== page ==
How often do you find yourself participating in this age old conversation filler:
Person 1: Oh my, is it May already? Wow - where has this year gone?
Person 2: I know, right? It seems like it was just January and now the year is already almost half over.
Person 1: Blah, blah blah, busy, so busy, everything in life is busy. . . .
Person 2: Blah, blah, blergh, I too am busy, I think I am even more busy than you, blergh busy. Next think you know it will be next year!
See what I am getting at? I admit, every time this conversation (and the topic of weather - but that's for another day) comes up I want to hide inside my invisible turtle shell so no one can see me, the introvert in me crying and having a tantrum over this inanely boring small talk. Honestly - why do we do this?
I know most people do it because it helps fill the air and avoid being uncomfortable. The problem though is many people actually feel like this all the time in their life because they are spending 90% of their time surviving to the next moment and 10% (MAYBE - but it's generous) of their time actually planning / growing / improving life.
What happened? I call it getting lost in the weeds. It's when the details have overwhelmed you and taken control and minutes become days, which become months and yes, the next thing you know a year has passed and you cannot figure out where it went.
Ya, no thanks.
It's good to set time aside and take assessment of things. You have to get above it and look at the big picture - you know, that thing you are calling your life - and see where it's going and if that's what you want. When you put yourself in charge and get above the crazy minutiae you get a much better overall view of things. Imagine yourself in New York City, walking along the street, and the types of people and moments you experience. What if you spent your entire life always on the ground level of NYC - never once going to any of the higher floors to have a look-see-around.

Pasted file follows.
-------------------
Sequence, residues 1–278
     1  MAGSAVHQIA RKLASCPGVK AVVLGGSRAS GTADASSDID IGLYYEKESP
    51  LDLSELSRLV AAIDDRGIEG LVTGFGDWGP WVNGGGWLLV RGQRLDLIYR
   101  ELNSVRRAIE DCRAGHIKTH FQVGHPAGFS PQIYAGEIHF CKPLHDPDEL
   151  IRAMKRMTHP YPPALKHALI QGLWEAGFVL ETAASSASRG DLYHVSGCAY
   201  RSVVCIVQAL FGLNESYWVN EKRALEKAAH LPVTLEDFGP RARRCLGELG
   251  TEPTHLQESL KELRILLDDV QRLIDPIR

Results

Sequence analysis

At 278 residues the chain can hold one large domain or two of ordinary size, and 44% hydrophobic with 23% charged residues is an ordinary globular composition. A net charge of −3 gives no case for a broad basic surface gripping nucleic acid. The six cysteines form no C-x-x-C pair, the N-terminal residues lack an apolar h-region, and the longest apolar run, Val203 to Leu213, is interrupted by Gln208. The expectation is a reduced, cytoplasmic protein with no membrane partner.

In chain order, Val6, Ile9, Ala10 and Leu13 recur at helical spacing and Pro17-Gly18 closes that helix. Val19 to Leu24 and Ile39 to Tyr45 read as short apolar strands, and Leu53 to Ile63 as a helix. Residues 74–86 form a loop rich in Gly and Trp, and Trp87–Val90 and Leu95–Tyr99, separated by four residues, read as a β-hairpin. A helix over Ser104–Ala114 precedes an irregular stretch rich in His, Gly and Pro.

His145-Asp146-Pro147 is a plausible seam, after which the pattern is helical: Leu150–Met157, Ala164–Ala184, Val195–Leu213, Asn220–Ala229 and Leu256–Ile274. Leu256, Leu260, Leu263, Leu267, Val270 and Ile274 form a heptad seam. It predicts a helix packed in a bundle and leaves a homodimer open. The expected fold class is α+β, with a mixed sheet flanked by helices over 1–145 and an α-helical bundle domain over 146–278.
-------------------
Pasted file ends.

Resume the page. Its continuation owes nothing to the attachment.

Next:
Then you get a chance to fly in a helicopter above New York City for the first time and you see how MANY buildings there really are, that it's surrounded by water, and the beautiful horizon that can be hidden by the huge buildings seems to be never ending........there's so much new and amazing things to see up there! A whole new perspective.
This past Sunday was the 16 year anniversary of when the sunshine of my world, superhero, defender of fun, and extrovertedly amazing friend Sara died in a terrible car accident. She was 19 years old and I was 2 weeks away from graduating high school when it happened. Until that point, life seemed never ending and we had all the time in the world to do everything we had ever wanted and planned --- and then it all ended. My world exploded into a million reflective glass pieces and now the task was gluing all those pieces back together, one by one. It took about ten years for me to feel nearly "human" again (closure never truly happens, by the way, there's always shredded pieces and chunks missing from you after things like this). Ten years of surviving.....moments becoming weeks, leading to months.....and then years.
Every time I experience a huge life event, I always remember Sara isn't ever going to have this chance. As a result, I fight to capture and remember every nuance for myself - and for her. I am very precious with my plans. I sit down, I assess, and I redirect my course if I have to. I am always working hard to improve and my goals all focus towards 80% personal growth and 20% life maintenance.
Don't get me wrong, I LOVE spontaneity and unexpected awesomeness (that was Sara's forte). I also know what it's like to disappear into the vortex of "busy" and "surviving" and find you've lost yourself in the process.
So, next time someone wants to chat inanely about the fact time seems to be flying by......don't let yourself get sucked in! Is it really flying by? Then do something! Catch onto it - focus - and make sure you aren't missing out on maximizing what you've been given and even work to improve it.
Some people don't get that chance.